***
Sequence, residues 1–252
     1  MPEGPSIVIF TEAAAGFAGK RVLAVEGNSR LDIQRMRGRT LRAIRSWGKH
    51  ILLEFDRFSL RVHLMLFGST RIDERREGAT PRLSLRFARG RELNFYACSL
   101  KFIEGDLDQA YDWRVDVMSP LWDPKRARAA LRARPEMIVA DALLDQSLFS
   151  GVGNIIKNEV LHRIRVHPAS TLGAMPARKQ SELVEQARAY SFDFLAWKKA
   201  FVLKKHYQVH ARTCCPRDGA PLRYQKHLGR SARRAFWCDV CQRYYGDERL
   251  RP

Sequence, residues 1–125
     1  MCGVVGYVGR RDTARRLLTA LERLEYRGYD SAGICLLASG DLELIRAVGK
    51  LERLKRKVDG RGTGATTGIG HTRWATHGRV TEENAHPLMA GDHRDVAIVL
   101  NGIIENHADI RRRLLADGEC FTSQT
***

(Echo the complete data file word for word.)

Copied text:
Sequence, residues 1–252
     1  MPEGPSIVIF TEAAAGFAGK RVLAVEGNSR LDIQRMRGRT LRAIRSWGKH
    51  ILLEFDRFSL RVHLMLFGST RIDERREGAT PRLSLRFARG RELNFYACSL
   101  KFIEGDLDQA YDWRVDVMSP LWDPKRARAA LRARPEMIVA DALLDQSLFS
   151  GVGNIIKNEV LHRIRVHPAS TLGAMPARKQ SELVEQARAY SFDFLAWKKA
   201  FVLKKHYQVH ARTCCPRDGA PLRYQKHLGR SARRAFWCDV CQRYYGDERL
   251  RP

Sequence, residues 1–125
     1  MCGVVGYVGR RDTARRLLTA LERLEYRGYD SAGICLLASG DLELIRAVGK
    51  LERLKRKVDG RGTGATTGIG HTRWATHGRV TEENAHPLMA GDHRDVAIVL
   101  NGIIENHADI RRRLLADGEC FTSQT